This article describes an art narrative project that encouraged the participants of the Bindjareb Yorgas Health Program (BYHP), in the South West of Western Australia, to share their personal experiences of involvement. The aims of the BYHP are: to foster a more supportive health environment amongst the Bindjareb community’s women and their families through participation, communication, and relationship building; the development of personal skills in achieving and maintaining wellness; and strengthening community actions by facilitating individual and group self-determination. As Aboriginal art is used to convey different kinds of storytelling this has aided in the expression of the community’s collective identity and has enabled the telling and re-telling of their stories across varying cultures, and to a range of audiences. The expression of personal and group narratives through art will also ensure that positive stories promoting family health and wellbeing can be told many times over with different groups of Aboriginal people resulting in the potential for on-going change. Moreover, the innovative approach taken here will also lead to embedded stories in the local cultural group, around the processes and outcomes of the project and its impact on their health. This article discusses the processes involved in the production of the art and the ‘meaning making’ that resulted from the project guided by frameworks of communication and behavioural change.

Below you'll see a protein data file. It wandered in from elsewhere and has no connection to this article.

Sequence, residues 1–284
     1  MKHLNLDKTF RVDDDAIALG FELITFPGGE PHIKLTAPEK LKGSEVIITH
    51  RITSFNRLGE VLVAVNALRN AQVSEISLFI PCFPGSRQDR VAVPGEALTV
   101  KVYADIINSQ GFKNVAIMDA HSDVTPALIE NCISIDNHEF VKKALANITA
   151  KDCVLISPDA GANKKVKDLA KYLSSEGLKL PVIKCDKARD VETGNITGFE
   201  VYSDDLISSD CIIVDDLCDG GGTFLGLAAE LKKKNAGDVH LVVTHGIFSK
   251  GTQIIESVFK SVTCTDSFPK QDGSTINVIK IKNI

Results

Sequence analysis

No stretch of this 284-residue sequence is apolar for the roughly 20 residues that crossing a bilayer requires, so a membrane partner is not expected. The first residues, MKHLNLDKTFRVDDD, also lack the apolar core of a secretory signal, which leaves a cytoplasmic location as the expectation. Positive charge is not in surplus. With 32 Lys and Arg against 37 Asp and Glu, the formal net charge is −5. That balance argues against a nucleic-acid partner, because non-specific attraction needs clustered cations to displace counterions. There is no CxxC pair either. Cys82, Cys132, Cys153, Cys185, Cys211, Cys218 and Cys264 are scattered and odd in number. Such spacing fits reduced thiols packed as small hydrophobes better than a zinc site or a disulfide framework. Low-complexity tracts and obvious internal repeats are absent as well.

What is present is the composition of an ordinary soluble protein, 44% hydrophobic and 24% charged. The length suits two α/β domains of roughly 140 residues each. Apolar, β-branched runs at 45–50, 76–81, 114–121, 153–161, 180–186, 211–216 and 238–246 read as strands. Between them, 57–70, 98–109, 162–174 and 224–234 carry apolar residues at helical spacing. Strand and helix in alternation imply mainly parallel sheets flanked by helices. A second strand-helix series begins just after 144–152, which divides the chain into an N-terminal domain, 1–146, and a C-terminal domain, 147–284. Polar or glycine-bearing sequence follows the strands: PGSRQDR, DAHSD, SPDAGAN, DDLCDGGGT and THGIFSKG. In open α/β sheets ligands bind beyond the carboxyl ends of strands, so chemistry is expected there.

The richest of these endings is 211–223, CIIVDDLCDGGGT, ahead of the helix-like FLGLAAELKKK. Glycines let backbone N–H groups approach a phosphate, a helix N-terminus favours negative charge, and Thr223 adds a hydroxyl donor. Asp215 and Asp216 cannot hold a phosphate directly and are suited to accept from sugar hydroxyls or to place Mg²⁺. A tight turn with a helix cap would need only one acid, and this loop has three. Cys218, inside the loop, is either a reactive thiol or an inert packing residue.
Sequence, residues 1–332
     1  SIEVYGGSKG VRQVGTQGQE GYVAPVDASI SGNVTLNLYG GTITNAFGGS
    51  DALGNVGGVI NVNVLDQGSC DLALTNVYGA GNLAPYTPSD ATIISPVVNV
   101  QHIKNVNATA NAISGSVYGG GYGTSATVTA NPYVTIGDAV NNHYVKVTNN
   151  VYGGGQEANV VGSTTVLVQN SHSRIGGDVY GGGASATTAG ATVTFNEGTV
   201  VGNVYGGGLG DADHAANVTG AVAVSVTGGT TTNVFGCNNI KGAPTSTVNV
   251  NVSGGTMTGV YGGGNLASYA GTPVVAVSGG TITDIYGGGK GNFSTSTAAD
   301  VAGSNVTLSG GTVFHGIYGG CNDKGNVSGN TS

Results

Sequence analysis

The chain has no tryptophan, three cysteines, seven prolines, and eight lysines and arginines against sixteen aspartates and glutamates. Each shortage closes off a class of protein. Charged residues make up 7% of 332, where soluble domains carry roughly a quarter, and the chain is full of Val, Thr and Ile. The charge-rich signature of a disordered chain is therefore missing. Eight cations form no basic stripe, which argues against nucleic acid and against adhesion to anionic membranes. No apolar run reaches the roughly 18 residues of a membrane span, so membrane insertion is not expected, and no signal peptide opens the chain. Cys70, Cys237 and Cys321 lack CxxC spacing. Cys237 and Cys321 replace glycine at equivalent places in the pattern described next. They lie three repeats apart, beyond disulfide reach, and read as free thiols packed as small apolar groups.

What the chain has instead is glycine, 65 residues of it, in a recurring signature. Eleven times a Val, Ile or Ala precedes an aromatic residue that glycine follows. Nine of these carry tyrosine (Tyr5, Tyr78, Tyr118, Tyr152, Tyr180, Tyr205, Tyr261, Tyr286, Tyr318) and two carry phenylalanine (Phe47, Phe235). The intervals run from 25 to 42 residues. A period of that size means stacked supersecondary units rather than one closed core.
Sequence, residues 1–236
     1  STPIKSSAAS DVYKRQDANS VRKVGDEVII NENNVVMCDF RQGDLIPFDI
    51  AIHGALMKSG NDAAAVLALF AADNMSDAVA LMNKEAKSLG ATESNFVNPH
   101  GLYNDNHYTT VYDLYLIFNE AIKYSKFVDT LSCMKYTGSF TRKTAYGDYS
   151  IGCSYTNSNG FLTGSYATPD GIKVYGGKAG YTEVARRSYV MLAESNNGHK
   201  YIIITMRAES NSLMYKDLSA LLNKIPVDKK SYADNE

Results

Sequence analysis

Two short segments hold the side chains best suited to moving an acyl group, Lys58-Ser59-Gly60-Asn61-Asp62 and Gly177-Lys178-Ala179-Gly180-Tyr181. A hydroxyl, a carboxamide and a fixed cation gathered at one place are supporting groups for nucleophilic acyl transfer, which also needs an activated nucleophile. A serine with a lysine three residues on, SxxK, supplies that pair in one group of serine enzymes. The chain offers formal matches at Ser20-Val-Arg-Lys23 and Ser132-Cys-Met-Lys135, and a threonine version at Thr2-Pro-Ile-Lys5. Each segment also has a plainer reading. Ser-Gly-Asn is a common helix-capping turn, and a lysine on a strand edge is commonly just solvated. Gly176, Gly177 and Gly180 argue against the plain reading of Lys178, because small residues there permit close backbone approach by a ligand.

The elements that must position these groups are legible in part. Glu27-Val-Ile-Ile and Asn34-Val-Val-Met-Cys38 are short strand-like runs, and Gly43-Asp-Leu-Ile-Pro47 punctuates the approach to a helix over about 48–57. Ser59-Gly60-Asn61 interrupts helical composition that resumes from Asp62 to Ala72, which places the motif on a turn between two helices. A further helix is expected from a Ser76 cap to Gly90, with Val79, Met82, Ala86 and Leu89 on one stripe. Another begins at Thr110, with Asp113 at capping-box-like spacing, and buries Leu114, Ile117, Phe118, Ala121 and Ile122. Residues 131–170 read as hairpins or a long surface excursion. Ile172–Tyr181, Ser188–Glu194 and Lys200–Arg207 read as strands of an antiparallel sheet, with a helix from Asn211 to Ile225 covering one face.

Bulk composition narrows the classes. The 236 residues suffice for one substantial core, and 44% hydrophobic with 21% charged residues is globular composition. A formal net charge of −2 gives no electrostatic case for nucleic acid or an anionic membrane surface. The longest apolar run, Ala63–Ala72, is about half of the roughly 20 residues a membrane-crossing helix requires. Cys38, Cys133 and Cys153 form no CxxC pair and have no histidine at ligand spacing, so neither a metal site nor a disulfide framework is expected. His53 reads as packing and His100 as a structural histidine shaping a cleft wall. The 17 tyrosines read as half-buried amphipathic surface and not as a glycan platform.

|Keywords:||Cultural Art Narrative, Art Narrative Method, Aboriginal Health Promotion, Aboriginal Art|
Lecturer, School of Health Professions, Discipline of Nursing and Midwifery, Murdoch University, Mandurah, Western Australia, Australia
Nyungar Woman Elder, Murray Districts Aboriginal Association, Pinjarra, Western Australia, Australia
Discipline Head of Nursing and Midwifery and Associate Dean Learning and Teaching, School of Health Professions, Murdoch University, Mandurah, Western Australia, Australia
Dean, School of Health Professions, Murdoch University, Mandurah, Western Australia, Australia